This past weekend we hosted the first Michiana Running Forum at Potato Creek State Park at the beautiful Orchard Shores shelter. Eight of us shared our stories of past experiences while leveraging our shared knowledge to envision strategies to connect runners in the area.
Thank you Paula Turk for documenting our discussion. Before I get into the details, lets be clear, the Michiana area encompasses two states: Michigan and Indiana.
Michigan: Berrien, Cassopolis, St. Joseph, VanBuren, Kalamazoo
Indiana: Lake, Newton, Porter, Jasper, LaPorte, Starke, Pulaski, St. Joseph, Marshall, Fulton, Elkhart, Kosciusko
These 17 counties are the area we consider “Michiana” and within those counties there is an estimated 1.6M people – we want to help. From local influencers to running clubs, our goal is to help connect.
So the discussion began when we recognized a few things we know we have going on:
We have many pockets of runners
We have an opportunity for more collaboration among organizations
Retail stores blanket the area with only a few engaging runners
Healthcare facilities continue to support the running community
Visitors to our area could have better access to good routes
There are opportunities for would-be runners to get connected
With these things in mind the discussion was lead to a place of inquisition and moving forward. How can we get those would-be runners connected? More running groups in local neighborhoods would just create deeper divides between runners. When we are trying to bring runners together, we must focus on destinations for runners to meet. The group, the route, and the excitement surrounding the run will bring runners together. With destinations in mind, we moved into the ‘areas’ of Michiana and the coordination between them.
Lets be inclusive. In order to do so, we must coordinate and promote. Sharing and supporting events going on is the first step in creating a blanket of knowledge within the Michiana area. Runners are some of the best people to be around and running groups are amazing when it comes to inclusivity and welcoming new ‘members’ to the group. Wether it’s trying a new route, new gear, a new routine, or a new group – runners welcome other runners and support each other in their journey. Each of us continued to nod our head as this discussion progressed; once runners get together, magical things happen, we must do a better job of collaborating to create, coordinate, and communicate the opportunities.
Where do we find new people and where does any runner find new opportunities? Lets begin with the former. We literally brainstormed ideas of places to find new runners. Understand one thing, if you don’t run yet, then you’re not a part of a running group etc… So here is our list of places we believe are good places to begin looking for would-be runners: Library, Any Gym, Weight Watchers, Curves, Churches, Church Groups, Schools, PTAs, PTOs, Guidance Counselors, Civil Service Workers, FFA, Hospitals, IUSB, Holy Cross, Notre Dame, Bethel, AM General, and Medium and Large Employers. A few additional ideas came out later included: Wellness Directors – Onsite Health and Get Fit/Get Healthy, Recovery or Addiction Groups – AA, CFH, Eating Disorders, etc.., and Girls on the Run.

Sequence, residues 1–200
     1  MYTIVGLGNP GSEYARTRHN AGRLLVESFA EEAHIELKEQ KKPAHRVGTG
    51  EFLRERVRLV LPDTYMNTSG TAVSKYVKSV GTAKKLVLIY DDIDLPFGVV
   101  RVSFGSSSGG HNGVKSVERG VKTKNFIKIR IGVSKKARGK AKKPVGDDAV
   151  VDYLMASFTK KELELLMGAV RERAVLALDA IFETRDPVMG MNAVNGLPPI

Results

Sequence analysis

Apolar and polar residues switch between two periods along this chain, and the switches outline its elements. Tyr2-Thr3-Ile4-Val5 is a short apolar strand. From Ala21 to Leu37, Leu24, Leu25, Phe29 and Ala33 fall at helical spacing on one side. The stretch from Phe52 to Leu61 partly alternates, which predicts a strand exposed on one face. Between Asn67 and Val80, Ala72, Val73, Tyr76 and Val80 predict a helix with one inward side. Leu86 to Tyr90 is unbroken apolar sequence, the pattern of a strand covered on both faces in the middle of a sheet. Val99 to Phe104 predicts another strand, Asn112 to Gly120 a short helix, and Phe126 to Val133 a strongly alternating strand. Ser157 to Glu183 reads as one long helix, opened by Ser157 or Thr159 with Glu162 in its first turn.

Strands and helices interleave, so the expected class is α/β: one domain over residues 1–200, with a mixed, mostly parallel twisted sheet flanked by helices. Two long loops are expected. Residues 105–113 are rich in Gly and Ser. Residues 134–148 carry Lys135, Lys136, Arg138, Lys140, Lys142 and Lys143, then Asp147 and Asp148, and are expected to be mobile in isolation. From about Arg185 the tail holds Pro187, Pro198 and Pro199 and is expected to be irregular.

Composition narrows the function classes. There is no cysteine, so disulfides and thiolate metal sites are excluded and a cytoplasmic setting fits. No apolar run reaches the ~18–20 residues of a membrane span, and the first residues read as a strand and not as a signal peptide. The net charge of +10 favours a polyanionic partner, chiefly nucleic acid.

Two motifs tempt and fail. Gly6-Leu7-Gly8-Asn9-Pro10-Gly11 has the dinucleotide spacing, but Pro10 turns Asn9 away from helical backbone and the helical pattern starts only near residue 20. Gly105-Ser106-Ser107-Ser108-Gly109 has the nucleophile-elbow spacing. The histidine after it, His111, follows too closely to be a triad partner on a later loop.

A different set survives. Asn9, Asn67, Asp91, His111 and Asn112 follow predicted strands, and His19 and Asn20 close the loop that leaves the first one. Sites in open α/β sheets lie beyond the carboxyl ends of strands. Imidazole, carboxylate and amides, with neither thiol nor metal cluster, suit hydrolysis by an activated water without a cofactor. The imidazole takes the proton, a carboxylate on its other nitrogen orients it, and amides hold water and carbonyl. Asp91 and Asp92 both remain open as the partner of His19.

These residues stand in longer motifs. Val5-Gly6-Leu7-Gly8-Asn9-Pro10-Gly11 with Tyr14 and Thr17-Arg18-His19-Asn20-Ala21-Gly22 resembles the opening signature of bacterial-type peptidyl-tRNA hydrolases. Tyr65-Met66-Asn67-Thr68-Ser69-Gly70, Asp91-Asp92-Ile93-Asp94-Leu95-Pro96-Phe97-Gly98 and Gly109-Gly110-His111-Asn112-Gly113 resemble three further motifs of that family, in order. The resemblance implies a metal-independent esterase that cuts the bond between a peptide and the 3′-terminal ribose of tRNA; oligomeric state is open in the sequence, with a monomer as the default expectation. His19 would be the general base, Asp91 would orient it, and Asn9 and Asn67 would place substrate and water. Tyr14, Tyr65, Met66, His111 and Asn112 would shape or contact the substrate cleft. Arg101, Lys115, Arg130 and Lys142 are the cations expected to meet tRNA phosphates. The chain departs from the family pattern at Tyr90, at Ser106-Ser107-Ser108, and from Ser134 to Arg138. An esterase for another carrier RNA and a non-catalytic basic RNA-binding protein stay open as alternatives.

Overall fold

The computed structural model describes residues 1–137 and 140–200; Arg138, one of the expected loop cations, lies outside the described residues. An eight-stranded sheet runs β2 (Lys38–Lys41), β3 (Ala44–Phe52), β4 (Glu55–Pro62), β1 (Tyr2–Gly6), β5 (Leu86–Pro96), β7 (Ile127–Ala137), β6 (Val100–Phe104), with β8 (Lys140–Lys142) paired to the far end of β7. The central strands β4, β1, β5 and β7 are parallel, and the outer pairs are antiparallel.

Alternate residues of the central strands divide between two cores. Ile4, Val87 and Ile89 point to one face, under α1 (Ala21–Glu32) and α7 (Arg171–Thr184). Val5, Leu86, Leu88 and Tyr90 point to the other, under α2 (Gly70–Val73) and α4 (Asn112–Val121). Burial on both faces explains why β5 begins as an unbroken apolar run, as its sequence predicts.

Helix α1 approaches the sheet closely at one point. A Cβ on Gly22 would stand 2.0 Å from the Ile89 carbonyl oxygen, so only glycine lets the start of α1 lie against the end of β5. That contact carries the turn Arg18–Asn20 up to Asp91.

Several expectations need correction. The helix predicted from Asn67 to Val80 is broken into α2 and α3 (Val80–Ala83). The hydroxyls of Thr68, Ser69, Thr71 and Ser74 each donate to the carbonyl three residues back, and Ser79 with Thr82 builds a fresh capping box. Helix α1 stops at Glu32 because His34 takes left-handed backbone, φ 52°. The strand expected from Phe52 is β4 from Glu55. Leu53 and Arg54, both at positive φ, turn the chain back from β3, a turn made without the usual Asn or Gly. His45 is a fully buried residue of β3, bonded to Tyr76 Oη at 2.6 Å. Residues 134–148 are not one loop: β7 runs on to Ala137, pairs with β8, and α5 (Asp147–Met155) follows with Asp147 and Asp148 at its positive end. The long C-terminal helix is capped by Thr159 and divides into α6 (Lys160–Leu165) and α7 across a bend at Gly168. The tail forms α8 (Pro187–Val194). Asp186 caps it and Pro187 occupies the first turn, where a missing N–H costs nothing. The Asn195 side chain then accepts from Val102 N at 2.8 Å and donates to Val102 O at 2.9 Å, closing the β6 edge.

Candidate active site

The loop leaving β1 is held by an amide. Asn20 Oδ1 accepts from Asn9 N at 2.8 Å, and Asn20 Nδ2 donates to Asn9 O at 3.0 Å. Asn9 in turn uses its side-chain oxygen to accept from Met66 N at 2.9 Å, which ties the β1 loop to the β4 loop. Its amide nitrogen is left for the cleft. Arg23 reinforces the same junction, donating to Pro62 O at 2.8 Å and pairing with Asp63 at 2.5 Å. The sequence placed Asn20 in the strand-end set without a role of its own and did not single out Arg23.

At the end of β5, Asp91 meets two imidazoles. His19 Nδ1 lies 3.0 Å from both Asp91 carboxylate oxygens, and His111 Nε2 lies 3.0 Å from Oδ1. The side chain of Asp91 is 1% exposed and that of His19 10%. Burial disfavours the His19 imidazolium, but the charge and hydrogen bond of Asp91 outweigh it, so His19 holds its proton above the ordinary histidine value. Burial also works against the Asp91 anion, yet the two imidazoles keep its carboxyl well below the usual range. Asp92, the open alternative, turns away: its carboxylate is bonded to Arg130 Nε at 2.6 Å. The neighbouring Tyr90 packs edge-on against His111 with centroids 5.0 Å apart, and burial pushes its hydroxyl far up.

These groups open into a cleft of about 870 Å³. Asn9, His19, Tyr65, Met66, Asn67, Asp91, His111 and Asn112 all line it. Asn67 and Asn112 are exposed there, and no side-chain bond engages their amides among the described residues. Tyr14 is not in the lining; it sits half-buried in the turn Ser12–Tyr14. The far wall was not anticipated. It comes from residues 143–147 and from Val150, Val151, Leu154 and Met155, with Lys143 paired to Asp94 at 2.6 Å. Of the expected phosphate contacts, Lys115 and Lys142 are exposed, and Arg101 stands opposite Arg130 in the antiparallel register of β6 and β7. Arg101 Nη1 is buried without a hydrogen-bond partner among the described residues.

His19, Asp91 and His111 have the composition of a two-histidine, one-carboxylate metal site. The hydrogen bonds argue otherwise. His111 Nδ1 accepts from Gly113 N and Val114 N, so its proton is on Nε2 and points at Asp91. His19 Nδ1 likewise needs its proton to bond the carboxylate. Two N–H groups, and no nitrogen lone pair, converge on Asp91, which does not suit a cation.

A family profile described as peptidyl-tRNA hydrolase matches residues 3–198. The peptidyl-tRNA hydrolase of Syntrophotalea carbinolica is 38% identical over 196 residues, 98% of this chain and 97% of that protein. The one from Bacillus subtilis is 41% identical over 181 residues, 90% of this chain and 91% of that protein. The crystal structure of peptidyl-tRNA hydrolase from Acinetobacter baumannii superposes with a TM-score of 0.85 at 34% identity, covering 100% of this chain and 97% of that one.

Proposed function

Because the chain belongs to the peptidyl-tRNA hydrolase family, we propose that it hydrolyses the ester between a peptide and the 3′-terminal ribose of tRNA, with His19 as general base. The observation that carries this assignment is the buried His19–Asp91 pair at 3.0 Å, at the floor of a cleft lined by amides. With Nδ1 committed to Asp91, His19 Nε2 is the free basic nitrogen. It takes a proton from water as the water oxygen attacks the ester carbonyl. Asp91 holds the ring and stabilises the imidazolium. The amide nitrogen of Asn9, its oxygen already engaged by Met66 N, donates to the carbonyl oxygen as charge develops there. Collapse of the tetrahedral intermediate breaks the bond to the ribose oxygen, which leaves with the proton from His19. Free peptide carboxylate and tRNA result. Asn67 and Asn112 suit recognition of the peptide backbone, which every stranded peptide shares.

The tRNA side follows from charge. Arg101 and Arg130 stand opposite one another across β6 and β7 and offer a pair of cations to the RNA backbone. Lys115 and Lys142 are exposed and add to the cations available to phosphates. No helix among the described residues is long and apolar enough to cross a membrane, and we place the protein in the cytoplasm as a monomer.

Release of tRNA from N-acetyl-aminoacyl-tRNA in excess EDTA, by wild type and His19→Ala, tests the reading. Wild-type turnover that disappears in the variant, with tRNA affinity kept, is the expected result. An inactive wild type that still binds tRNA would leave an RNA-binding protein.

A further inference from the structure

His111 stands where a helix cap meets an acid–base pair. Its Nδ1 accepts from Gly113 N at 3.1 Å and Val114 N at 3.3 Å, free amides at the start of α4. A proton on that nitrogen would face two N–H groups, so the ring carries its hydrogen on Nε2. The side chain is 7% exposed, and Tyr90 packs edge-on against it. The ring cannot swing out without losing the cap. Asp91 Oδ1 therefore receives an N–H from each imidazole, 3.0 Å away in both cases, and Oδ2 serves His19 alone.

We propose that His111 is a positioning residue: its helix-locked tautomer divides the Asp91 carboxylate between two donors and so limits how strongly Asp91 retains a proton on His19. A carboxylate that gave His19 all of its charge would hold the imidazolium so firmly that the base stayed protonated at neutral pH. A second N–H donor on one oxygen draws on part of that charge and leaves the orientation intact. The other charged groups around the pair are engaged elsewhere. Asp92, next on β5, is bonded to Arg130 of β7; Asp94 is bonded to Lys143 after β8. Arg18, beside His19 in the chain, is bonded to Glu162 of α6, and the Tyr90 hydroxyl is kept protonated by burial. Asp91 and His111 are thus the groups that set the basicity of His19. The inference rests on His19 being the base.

Then to the latter, where can runners find new opportunities. Our discussion had some impassioned points when the existing opportunities were not yet being taken advantage of. We went back again to the communication and coordination of programs. So now you’ve heard about that three times! (Yes, Beetlejuice) Once that was through we got down to some specific points and Fleet Feet stepped up right away to offer their training runs. Having a structured training plan to join, we all agreed, would be of benefit for more area would-be runners to know about. This “menu of offerings” is quite generous! They are also setting up an ambassador program. This team will be an outreach arm for Fleet Feet, helping encourage and connect more people to try running. The cherry on top is that this team will be made up of veteran runners, fast runners, new runners, frequent race-runners, and volunteer-heavy runners – again focusing on inclusivity. The next idea is lunch-and-learn seminars to lower the barrier to entry for would-be runners. Schedule such events to reach people where they are at. The last actionable tactic is to ask people. All eight of us were tasked with getting more people connected to running by simply asking. The caveat is that our three people must be runners themselves already and we must empower them with the charge to invite three people on a run with them. So when the eight of us empower three people to become leaders, then those 24 people invite three people, we have 72 new invitations, and 24 new leaders. Lets keep it going : )